A hand on a blue and pink background with the text 'You have been upgraded'.

You have Been Upgraded

This is a past event from Manchester Science Festival 2018.

Welcome to the world of tomorrow where fantastical start-up firm Unlimited Enhancement Technologies will help you upgrade your operating system and indulge your inner Iron Man. Test the limits of human enhancement by checking out high-tech prosthetics and see how virtual reality is revolutionising medicine. We’ll be interviewing some of the UK’s leading scientists and researchers in the field of human enhancement in a futuristic, science-inspired mash up of the Graham Norton Show meets Top of the Pops. You might also come face to face with a real life cyborg as for one night only the museum hosts a biohacking bash where science fiction and science fact collide.

The line-up so far includes: 

Manel Muñoz 
Manel a Catalan perceptual artist based in Barcelona, best known for developing and installing a cybernetic sensory organ to perceive changes in atmospheric pressure in his body. The barometric organ allows him to perceive the arrival of cyclones and anticyclones via beat frequencies transmitted through the skull. Depending on the input perceived, he can predict weather changes as well as feel at what altitude he is. Manel will speak about how technology no longer needs to serve the role of a tool but instead it can become an extension of our body to help expand our perception and reconnect with our surroundings and the planet we live on.

Jenova Rain
Jenova is a highly experienced body piercer and modifier specialising in earlobe reconstruction and biohacking.

Rebecca De Cadorette
Rebecca is a blackwork tattoo artist and former biologist at the University of Manchester with a particular interest in human evolution and futurology. Working out of a private studio in Stretford, Manchester, DC uses her background in research, science and art to design future bodies and explore ideas of self-ownership,  looking at tattooing as ritual and rite of passage in the posthuman experience.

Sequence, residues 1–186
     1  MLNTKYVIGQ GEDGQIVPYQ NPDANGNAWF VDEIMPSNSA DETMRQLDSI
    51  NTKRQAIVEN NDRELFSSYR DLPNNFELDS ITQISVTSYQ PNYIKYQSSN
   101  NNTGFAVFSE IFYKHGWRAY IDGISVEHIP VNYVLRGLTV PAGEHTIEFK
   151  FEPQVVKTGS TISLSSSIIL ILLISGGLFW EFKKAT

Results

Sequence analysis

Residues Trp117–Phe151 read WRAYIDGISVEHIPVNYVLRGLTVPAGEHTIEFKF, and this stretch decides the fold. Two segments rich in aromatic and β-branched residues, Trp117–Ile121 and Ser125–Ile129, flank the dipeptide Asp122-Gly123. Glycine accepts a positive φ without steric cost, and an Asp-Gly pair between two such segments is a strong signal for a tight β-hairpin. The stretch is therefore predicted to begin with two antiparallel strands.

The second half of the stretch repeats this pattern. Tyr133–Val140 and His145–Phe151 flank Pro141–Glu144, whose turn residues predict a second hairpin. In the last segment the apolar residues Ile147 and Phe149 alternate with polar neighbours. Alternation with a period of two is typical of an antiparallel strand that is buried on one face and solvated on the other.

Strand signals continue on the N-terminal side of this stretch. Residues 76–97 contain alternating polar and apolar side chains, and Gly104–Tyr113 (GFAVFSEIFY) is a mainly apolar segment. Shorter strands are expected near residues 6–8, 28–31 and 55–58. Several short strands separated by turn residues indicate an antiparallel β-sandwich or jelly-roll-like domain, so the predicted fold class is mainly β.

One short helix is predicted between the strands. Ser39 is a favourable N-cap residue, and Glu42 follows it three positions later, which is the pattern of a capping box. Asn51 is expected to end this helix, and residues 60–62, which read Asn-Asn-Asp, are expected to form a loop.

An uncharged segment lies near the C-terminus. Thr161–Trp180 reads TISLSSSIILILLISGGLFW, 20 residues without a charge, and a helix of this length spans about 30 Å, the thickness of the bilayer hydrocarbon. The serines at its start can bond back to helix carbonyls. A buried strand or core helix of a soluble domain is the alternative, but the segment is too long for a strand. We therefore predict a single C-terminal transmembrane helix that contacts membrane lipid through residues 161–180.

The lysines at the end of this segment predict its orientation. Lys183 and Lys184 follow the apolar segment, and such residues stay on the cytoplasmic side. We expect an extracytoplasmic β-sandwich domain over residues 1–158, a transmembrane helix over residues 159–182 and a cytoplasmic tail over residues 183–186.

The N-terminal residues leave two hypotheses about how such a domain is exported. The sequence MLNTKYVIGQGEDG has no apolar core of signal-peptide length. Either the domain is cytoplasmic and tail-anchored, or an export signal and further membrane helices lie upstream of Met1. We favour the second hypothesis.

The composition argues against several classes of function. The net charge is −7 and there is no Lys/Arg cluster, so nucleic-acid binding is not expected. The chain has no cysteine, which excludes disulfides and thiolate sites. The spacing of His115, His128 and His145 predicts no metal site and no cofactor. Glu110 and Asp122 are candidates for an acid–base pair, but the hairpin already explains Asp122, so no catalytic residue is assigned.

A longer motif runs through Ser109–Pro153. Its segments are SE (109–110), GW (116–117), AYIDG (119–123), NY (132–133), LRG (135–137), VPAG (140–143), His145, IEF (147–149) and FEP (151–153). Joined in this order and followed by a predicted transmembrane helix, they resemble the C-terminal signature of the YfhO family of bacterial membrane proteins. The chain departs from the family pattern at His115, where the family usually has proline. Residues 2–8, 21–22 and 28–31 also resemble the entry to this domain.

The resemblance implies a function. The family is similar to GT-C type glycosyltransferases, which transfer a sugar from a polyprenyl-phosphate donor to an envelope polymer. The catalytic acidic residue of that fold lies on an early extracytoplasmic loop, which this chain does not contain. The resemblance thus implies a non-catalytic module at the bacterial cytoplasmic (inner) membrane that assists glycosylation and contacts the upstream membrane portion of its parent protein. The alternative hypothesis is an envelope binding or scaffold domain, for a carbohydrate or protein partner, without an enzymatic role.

Tilly Lockey
Tilly is a 12 year old girl who lost both her arms after contracting meningitis aged 15 months. In 2017 she was fitted with a pair of 3D printed “Hero Arms” from Open Bionics, a multi-award winning robotics company creating affordable, advanced and stylish bionic limbs.

Lepht Anonym
Lepht is a faceless, genderless British biohacker, who be talking about their experience of hacking themselves.

James Young
As a double amputee, James turned to bionics with the same excitement and fascination he’s always had for future-gazing tech and fun-filled gadgets. Since his accident five years ago, he has worked with Japanese gaming giant Konami to personally design and develop his own advanced bionic arm, earning himself the nickname Metal Gear Man.

Ghislaine Boddington
Ghislaine is an artist-curator, researcher and director, a specialist in body responsive technologies and immersion experiences. She will be speaking about the future of the body, looking at implants, intimacy and data.

Professor Andy Miah PhD
The Chair in Science Communication & Future Media, in the School of Environment & Life Sciences at the University of Salford, Manchester. Andy’s research discusses the intersections of art, ethics, technology and culture and he has published broadly in areas of emerging technologies, particularly related to human enhancement and has published over 150 academic articles in refereed journals, books, magazines, and national media press on the subjects of cyberculture, medicine, technology, and sport.

Dr Kia Nazarpour 
A Reader in Biomedical Engineering at Newcastle University’s School of Engineering combining analytical and experimental techniques and develop novel signal processing algorithms to understand how the brain learns to control limb movement. His current research is developing an ‘intuitive’ hand that can react without thinking.

Professor Kostas Kostarelos 
The Chair of Nanomedicine at the Faculty of Medical and Human Sciences of the University of Manchester. He is leading the Nanomedicine Lab that is part of the Centre for Tissue Injury and Repair and the National Graphene Institute, developing new technologies to treat cancer and neurogenerative disorders.

In partnership with
This performance will interpreted in British Sign Language


Thursday 18 October 2018,
7.30pm - 10pm (doors 7pm)

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Science and Industry Museum, Liverpool Road, Castlefield, Manchester, M3 4FP

See venue map and information

Booking required

Tickets for this event are now off sale

Age guidance

Adults and teenagers 16+

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